WWOOFing it Up in Kiwiland: organic farming in New Zealand 2012

3 years later and life brings me back to New Zealand. This time for a longer period, for a different purpose, with a different outlook on life than last time. I hope what transpires from a few years of travelling as far and as wide as possible across this beautiful country is a basic but decent knowledge and experience in organic farming, self sustainable living, and food production. Come and join me, there's loads of room in the car.

Monday, 8 October 2012

Baa baa has the X factor, and that's what saves him from the fate of his peers. He is the 'house' sheep.

Day 1

The sky is blue and the sun is hot. Without the breeze through through the window when driving, that non-UV-filtered-sunshine is what's going to turn me into sunkissed caramel before the Spring is over. I find myself driving through a green lush valley, along winding roads through fields of cows, sheep, and horses, following the Waikanae River. I smell the distinct aroma of manure (clean and pleasant) and I feel a smile grow between my cheeks... after years of 'thinking about it', I am finally 'doing it'. I'm happy to be finally heading towards my first Wwoof hosts but I'm feeling equally as nervous. Like these bendy, angled roads, my mood doesn't know which way it's going. Then the road turns to onto gravel, the traffic disappears, and potholes start appearing. Potholes, shmotholes, this is paradise! Rural New Zealand is even more beautiful than I remember.

On arrival, I knock at the door a few times and get no answer, momentarily panic, thinking I'm at the wrong number and then knowing that docking lambs' tails is on the agenda for today, realise that heading for the baa-ing and bleating might get a result. They started before I arrived and I was half disappointed, but equally apprehensive, and somewhere in between glad that I wasn't getting thrown into the deep end! A fear that the method being used would be surgical, and having convinced myself, in this case, that I would be the surgeon! (hope for the best: prepare for the worse), I was also relieved to see there were 6 people on the job already. Another relief was that it was the more 'humane' method, of putting rubber rings on the tails and letting them eventually fall off. More humane? Well, the sheep can't talk...

Day 2

It's amazing how quickly animals, including humans, become familiar, and fond of each other, or simply just used to each other. Baa baa the lamb was evasive yesterday, and unreceptive to my petting. What a change today! He was up close and sniffing at my gumboots (wellies), and then jumping up on me. What a sweetheart, how could I eat the wee lamb? ... I then made myself a salami sausage and felt a new kind of guilt... if Baa baa was an Oink oink would I have made the sandwich then? This was after Dice the Jack Russell shamelessly dragged a headless rabbit into my way in the garden while I was weeding and proceeded to chew it.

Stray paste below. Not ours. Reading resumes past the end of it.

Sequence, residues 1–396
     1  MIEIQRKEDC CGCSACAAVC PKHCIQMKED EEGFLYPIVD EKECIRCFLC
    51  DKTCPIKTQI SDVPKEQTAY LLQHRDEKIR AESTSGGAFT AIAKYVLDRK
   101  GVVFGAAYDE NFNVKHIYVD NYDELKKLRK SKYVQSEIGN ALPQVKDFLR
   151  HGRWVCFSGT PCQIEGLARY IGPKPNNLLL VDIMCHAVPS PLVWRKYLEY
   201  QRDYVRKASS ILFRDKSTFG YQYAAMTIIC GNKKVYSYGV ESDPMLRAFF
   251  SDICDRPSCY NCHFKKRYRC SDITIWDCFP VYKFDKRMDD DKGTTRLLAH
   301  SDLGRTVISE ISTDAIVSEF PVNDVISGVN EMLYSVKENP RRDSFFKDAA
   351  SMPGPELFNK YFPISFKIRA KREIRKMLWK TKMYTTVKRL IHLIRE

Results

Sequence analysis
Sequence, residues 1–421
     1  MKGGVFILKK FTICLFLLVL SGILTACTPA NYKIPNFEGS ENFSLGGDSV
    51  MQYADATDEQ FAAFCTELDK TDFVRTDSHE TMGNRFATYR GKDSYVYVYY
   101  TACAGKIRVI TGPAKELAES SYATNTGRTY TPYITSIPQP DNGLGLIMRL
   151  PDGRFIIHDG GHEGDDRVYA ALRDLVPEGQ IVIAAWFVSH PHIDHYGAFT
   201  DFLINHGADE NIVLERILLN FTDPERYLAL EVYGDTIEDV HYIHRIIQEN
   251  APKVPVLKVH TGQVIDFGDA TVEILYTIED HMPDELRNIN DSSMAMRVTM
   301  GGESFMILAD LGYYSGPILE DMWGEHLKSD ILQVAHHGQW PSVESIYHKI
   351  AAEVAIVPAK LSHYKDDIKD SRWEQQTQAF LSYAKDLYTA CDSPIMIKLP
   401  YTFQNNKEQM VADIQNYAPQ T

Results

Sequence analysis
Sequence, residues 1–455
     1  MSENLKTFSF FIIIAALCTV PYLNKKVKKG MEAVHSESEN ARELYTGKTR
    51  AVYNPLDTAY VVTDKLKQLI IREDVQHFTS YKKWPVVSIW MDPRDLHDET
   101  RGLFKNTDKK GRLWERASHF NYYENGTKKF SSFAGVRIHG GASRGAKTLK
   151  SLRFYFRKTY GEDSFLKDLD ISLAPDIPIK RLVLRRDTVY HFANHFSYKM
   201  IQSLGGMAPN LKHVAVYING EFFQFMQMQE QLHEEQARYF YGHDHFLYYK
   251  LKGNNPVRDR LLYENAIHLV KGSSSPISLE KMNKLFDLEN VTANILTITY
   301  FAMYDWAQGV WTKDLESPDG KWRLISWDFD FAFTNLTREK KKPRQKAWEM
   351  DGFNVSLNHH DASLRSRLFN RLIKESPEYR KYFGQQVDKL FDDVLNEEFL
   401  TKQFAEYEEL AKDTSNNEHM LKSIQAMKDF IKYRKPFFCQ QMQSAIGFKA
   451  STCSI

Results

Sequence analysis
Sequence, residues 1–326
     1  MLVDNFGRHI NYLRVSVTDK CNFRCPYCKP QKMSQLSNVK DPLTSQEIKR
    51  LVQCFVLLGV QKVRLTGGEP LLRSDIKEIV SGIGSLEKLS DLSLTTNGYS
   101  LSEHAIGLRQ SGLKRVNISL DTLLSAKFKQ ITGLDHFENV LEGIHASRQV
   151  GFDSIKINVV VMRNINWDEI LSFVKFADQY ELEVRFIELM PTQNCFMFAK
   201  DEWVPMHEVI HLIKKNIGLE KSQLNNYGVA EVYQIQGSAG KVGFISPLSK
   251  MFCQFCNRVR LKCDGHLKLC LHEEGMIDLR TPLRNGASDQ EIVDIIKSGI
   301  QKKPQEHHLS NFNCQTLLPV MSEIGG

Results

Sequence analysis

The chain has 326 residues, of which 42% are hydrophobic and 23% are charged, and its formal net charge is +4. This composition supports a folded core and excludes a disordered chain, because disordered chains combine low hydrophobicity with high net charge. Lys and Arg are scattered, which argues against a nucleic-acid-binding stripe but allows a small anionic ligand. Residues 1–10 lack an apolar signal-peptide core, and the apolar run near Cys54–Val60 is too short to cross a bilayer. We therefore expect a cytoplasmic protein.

When I returned after ravenously polishing off my guilt laden salami salad roll, the also very cute domestic dog had left half the rabbit (presumably digesting the other half,) skinned and gutted laying a few metres away from the original spot. She, unlike lambs, is safe from the literal chop. Mainly grown for human consumption, Baa baa has the X factor, and that's what saves him from the fate of his peers. He is the 'house' sheep. While he doesn't live with us in the house, he is hand-fed by humans and lives alone in the orchard. This means he can keep company with ill lambs or sheep convalescing in the orchard too, as the 'eating sheep' are not used to solitude.

Social norms are a funny thing. Why are some animals OK to eat (sheep, pigs, cows) and other animals not? This thought was resurfacing from yesterday, when I was helping feed the animals, including the horses, animals that in France, are more than acceptable to eat. All 4 horses have names, like the 6 cows, but only the cows will be chopped. Why name it if it's getting eaten? Curiouser and curiouser.

The family hosting me have 3 children between 14 and 19 years old. The youngest drove the quad bike with me hanging on tightly on the back, to the barn to pick up hay to take to the cows for their evening feed. The whole time I had a smile on my face, this is idyllic and I was jealous of these kids growing up in it, but for them, it's normal, nothing special. I fed the chooks (chickens) and picked up 2 eggs, warm and freshly laid. I also got a go at feeding Baa baa a half litre of milk substitute which amused me. He bounced about, sucked for his life through the teat and finished the bottle in 30 seconds flat and I'm sure he didn't take a breath! Today I could also get close enough to pick him up and cuddle him. The top of his head touched my cheek and he felt like a heated fleece! Emotionally, I felt growing affection.

These simple experiences, all new to my 30 years of city life, gave me so much pleasure. But do all these come at a price? And for who? I honestly don't know, but the animals are maybe the one's picking the short straw... yesterday I witnessed Baa baa being sterilized, because this will make him a much nicer sheep, ie. more tame...

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